Holocaust Survivor Tracing Unit

Press Release


In the past year, a special unit of MDA has been set up to trace and locate more than 100 relatives with whom a connection had been lost during the Holocaust

Alongside the life-saving routine, and now in the wake of the national battle with the Corona virus, MDA also operates a tracing unit for locating relatives, responsible for a large number of exciting family reunions of Holocaust survivors and their families, with their relatives in Israel and around the world.

The unit, which is part of MDA’s humanitarian activities, has been active since the late 1940s. Since becoming a full member of the International Red Cross, the unit has expanded its volunteer recruitment, training and activities.

Over the past year many new inquiries were received from citizens from all over the country, and a total of 100 cases or important information about their fate were found in the past year. Thousands of requests for help locating relatives and receiving information were received over the years in the tracing unit. In many cases, relatives or documents were found to indicate the fate of the family members, and in a few cases siblings were reunited, some of whom did not even know about each other.

As part of the unit’s activities, it cooperates closely with the ICRC and other entities operating in the field. In addition, the unit works regularly with the Ministry of the Interior and the Yad Vashem Archives, and promotes collaborations with various international agencies involved in locating relatives.

MDA’s special service is open to anyone who wishes to locate a missing person, and can be contacted by phone at Magen David Adom’s office and filling out the relevant forms for locating relatives.

“Requests for the unit’s assistance come mostly from families of Holocaust survivors, who are looking to find their roots abroad,” said Susan Edel, a volunteer with the tracing unit. “From the moment we receive the request, we work in a variety of ways, with all agencies and databases to locate relatives around the world. In some cases, we find documents proving where these families were at war and what they went through. This is very important information for families to close the circle. The satisfaction from this volunteering is tremendous. The feeling that we are able to help someone after so many years is wonderful.”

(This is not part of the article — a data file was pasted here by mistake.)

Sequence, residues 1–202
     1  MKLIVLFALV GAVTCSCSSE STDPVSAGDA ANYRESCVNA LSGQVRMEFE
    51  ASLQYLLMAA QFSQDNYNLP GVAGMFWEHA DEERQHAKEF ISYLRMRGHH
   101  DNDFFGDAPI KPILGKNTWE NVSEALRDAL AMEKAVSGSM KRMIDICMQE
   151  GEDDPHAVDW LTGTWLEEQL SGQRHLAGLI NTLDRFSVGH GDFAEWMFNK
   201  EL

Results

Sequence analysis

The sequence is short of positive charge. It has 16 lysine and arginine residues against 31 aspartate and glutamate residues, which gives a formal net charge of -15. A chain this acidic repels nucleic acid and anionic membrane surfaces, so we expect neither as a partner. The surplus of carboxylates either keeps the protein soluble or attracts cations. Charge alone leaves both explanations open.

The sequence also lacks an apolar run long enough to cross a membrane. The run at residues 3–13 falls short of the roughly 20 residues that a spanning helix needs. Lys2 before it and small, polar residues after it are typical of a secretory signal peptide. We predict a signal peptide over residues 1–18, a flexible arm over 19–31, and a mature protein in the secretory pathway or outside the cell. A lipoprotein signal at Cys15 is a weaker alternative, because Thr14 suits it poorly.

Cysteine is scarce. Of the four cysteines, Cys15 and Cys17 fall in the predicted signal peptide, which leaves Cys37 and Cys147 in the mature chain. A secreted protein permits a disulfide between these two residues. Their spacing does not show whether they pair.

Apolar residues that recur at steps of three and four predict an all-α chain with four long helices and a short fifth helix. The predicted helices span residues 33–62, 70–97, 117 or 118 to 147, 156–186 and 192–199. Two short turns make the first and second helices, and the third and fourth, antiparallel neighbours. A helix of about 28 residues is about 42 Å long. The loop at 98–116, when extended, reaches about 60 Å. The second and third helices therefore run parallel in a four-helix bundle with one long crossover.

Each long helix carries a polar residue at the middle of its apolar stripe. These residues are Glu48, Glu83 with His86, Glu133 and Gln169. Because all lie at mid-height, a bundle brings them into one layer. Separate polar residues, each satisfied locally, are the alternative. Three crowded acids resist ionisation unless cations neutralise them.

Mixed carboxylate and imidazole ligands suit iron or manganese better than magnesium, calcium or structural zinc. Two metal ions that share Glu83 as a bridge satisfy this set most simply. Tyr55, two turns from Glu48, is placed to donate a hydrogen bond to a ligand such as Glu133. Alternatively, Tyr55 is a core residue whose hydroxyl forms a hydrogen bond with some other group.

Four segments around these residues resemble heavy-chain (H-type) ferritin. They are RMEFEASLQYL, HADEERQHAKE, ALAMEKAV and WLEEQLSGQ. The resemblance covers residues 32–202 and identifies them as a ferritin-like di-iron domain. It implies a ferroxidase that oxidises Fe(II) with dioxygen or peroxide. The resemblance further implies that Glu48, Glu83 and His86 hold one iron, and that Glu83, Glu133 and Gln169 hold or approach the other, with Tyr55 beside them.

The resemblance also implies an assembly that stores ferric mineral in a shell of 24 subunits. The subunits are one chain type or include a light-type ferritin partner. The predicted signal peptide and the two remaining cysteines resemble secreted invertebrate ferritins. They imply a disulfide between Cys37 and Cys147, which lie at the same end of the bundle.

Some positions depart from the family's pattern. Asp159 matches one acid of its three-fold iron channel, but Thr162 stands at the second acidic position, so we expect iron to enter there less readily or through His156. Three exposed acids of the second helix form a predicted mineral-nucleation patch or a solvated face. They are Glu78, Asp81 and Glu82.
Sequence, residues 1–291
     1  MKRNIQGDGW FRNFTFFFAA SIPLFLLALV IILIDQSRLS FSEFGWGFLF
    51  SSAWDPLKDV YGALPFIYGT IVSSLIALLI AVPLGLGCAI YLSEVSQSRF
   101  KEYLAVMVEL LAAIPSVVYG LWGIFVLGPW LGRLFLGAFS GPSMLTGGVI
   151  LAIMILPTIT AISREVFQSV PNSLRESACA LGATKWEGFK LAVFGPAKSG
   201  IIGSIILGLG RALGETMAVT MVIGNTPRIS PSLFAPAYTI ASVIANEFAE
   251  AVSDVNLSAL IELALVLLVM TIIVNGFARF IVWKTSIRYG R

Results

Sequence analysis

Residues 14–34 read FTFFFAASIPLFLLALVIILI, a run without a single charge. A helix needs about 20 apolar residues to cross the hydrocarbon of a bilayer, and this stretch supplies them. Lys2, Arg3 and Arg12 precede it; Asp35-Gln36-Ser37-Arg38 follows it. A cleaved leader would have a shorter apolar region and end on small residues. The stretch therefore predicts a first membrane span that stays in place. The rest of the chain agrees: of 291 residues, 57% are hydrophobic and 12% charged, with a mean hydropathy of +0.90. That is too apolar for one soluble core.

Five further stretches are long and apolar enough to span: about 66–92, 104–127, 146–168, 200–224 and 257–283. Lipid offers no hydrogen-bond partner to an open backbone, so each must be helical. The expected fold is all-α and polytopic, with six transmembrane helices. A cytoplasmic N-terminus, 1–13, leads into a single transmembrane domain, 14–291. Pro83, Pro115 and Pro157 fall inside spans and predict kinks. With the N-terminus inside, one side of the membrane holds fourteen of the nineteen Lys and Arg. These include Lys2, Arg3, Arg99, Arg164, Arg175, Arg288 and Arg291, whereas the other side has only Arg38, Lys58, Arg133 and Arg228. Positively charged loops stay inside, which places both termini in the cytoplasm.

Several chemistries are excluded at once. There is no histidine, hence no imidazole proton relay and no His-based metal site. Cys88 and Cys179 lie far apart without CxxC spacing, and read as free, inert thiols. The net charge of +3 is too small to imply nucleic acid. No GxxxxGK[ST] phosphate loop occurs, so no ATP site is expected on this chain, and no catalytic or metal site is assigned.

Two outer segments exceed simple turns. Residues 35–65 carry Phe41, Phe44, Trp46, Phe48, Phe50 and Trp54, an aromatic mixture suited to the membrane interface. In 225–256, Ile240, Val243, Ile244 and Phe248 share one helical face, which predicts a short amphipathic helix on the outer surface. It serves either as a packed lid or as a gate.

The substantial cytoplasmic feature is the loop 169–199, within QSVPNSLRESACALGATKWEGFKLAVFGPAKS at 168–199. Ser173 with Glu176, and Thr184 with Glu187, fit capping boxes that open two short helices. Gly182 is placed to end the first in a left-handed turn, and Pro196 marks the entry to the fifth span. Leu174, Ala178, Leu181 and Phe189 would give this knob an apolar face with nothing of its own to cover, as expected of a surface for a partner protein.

MDA Director General Eli Bin: “At Magen David Adom, we remember the Holocaust every day throughout the year. We set ourselves the goal of trying to make it easier for Holocaust survivors and future generations, and to help them find information about family members who had lost contact with them during the Holocaust. MDA has been able to unite and bring together family members in dozens of cases over the years, and receive information on thousands more cases that have come to us. The tracing unit has greatly contributed to the closure of the circle, facilitating many families whose hopes of getting information have already been lost. The strenuous work of the unit’s personnel in MDA deserves much appreciation, and I have no doubt that thanks to their hard work we will have another exciting union. “